What does Proverbs 6:3 mean?
ESV: then do this, my son, and save yourself, for you have come into the hand of your neighbor: go, hasten, and plead urgently with your neighbor.
NIV: So do this, my son, to free yourself, since you have fallen into your neighbor's hands: Go--to the point of exhaustion-- and give your neighbor no rest!
NASB: Then do this, my son, and save yourself: Since you have come into the hand of your neighbor, Go, humble yourself, and be urgent with your neighbor to free yourself.
CSB: Do this, then, my son, and free yourself, for you have put yourself in your neighbor's power: Go, humble yourself, and plead with your neighbor.
NLT: follow my advice and save yourself, for you have placed yourself at your friend’s mercy. Now swallow your pride; go and beg to have your name erased.
KJV: Do this now, my son, and deliver thyself, when thou art come into the hand of thy friend; go, humble thyself, and make sure thy friend.
Verse Commentary:
Solomon is explaining the dangers of "[putting] up security" for someone else's borrowing. This is equivalent to the modern idea of cosigning: agreeing to pay on behalf of the other person if they fail to make good on the debt. Agreeing to that obligation when the borrower is a stranger, unreliable, or the loan has excessive interest is foolish.

If someone finds themselves caught in such a situation—by their own words of promise (Proverbs 6:2)—they should try to extricate themselves by humbly asking to be released from the obligation. Solomon puts a sense of urgency on this idea: recommending one act immediately to get out of the situation and beg urgently to be released from the obligation.

In this context, "your neighbor" refers to the first signer of the loan: the actual borrower. The word "neighbor" appears in verse 1 as the person for whom the cosigner agrees to attach his name to the loan. Instead of berating the neighbor for his failure to pay, it is best to withhold one's anger and humbly plead with him to pay his debt and free you from your part in it. If the cosigner insults the first signer, he may make him angry and unwilling to oblige. This action is hard to take, but it is much harder to fall prey to a money-hungry lender and forfeit one's property as payment of the loan.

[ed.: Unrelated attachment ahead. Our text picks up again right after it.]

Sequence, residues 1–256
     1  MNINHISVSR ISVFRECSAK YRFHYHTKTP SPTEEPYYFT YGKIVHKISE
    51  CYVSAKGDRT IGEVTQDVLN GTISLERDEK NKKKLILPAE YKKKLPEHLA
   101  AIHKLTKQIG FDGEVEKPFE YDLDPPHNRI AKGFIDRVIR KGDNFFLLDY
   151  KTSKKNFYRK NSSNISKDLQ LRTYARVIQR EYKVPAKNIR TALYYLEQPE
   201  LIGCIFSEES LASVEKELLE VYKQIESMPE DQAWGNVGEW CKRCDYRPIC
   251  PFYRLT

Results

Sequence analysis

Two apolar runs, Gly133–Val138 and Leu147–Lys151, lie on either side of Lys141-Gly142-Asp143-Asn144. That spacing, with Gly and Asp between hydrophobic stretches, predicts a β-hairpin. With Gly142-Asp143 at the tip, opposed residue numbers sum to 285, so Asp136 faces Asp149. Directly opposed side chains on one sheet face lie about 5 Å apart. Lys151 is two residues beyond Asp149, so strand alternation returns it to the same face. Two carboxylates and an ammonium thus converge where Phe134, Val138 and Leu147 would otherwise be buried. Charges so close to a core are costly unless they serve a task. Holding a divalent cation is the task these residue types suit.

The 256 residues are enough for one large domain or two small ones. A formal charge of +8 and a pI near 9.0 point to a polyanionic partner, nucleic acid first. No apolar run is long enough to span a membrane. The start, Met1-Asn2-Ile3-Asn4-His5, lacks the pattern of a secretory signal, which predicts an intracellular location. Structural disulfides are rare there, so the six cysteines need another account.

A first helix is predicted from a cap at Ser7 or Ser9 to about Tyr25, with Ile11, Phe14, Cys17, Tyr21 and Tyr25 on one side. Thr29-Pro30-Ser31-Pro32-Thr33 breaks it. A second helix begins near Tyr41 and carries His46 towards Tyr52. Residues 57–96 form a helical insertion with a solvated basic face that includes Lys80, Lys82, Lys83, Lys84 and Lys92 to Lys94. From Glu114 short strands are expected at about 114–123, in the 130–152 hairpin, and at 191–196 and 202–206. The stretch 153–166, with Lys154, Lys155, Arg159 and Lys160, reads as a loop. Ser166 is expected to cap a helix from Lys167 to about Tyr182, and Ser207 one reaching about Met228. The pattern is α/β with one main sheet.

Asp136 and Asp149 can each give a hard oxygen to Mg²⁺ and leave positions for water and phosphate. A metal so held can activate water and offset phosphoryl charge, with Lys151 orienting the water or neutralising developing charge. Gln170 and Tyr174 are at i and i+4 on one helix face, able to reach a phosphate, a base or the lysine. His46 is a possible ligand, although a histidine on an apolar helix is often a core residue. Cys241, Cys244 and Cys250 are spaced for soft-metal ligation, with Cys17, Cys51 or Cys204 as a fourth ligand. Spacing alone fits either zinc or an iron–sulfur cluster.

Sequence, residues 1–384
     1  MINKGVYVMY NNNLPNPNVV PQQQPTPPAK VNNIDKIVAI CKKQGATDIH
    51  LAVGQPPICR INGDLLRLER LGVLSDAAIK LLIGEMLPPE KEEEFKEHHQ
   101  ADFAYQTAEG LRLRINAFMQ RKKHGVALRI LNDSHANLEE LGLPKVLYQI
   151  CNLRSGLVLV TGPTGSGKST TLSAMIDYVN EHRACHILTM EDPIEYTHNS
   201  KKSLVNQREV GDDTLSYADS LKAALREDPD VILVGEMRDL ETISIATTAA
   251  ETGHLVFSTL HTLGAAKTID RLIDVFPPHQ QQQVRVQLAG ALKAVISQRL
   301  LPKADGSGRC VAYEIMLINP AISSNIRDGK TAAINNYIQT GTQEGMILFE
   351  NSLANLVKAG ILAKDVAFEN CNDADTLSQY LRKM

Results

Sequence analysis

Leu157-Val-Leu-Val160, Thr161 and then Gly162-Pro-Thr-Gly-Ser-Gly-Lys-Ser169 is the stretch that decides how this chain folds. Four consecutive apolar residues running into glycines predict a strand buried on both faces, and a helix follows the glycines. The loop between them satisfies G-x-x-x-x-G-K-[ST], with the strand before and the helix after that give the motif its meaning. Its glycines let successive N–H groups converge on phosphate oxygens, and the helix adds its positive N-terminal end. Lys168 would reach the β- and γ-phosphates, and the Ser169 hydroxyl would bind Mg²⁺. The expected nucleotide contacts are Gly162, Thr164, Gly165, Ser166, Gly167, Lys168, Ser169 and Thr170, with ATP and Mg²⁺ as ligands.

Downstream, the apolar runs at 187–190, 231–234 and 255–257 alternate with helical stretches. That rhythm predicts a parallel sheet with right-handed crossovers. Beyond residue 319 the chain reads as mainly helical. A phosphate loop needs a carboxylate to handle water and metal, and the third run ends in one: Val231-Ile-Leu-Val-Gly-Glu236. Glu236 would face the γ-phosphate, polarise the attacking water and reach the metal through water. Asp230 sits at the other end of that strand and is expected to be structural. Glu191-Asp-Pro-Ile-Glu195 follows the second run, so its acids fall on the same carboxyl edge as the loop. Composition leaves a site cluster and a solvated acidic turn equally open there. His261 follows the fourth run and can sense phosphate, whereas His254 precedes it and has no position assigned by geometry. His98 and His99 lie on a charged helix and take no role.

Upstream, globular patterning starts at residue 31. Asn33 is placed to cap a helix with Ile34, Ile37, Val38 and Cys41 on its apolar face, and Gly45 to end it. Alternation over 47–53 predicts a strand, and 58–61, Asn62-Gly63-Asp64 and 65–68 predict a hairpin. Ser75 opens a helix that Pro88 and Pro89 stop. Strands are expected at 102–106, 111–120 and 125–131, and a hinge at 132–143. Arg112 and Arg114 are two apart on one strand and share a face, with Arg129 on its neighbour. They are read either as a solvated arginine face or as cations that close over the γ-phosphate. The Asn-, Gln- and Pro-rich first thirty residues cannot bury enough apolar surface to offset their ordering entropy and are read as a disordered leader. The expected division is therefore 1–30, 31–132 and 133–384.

Verse Context:
Proverbs 6:1–5 is the first of two teachings on good financial health in this chapter of Proverbs. This passage refers to using one's own property as collateral, especially for someone else's loan. The emphasis seems to be on a situation where one has cosigned on high-interest or risky borrowing, on behalf of another person. The book of Proverbs often discourages this kind of gamble (Proverbs 17:18; 22:26–27). Solomon's advice for those caught in such an arrangement is to immediately seek resolution: remove yourself from that situation without delay. Exodus 22:25–27 and Leviticus 25:35–37 are companion texts regarding lending money. The next passage considers another aspect of money management: avoiding laziness.
Chapter Summary:
This chapter provides teaching on two aspects of wealth management. The first is avoiding putting one's property in debt for the sake of some other person's risky investment. The other warns against laziness, indicating that it puts a person at risk for sudden ruin. Solomon then poetically explains attitudes and actions which God finds especially repulsive. Next, Solomon returns to the subject of adultery. He reiterates the inherent risks of sexual immorality, including the catastrophic consequences which it brings. That lesson continues into the following chapter.
Chapter Context:
This chapter of Proverbs continues the wise sayings Solomon addresses to his son. In chapter 5 he addresses adultery and marriage. In this chapter he addresses financial matters, work ethics, characteristics and conduct the Lord despises, and sexual immorality. A common theme of these lessons is to avoid the natural consequences of foolish choices. The next chapter describes the adulteress's ways and the pitfalls involved in committing adultery with her.
Book Summary:
Proverbs is best understood in context with the books of Ecclesiastes and Job. In Proverbs, “wisdom” is given in short, simple, general terms. Ecclesiastes represents wisdom based on observation and experience. This often shows how the general principles of the book of Proverbs don’t apply in absolutely every circumstance. Job represents wisdom based on the experience of suffering and injustice. All three come to the conclusion that God does indeed know best, and the most sensible course of action is to follow His will.
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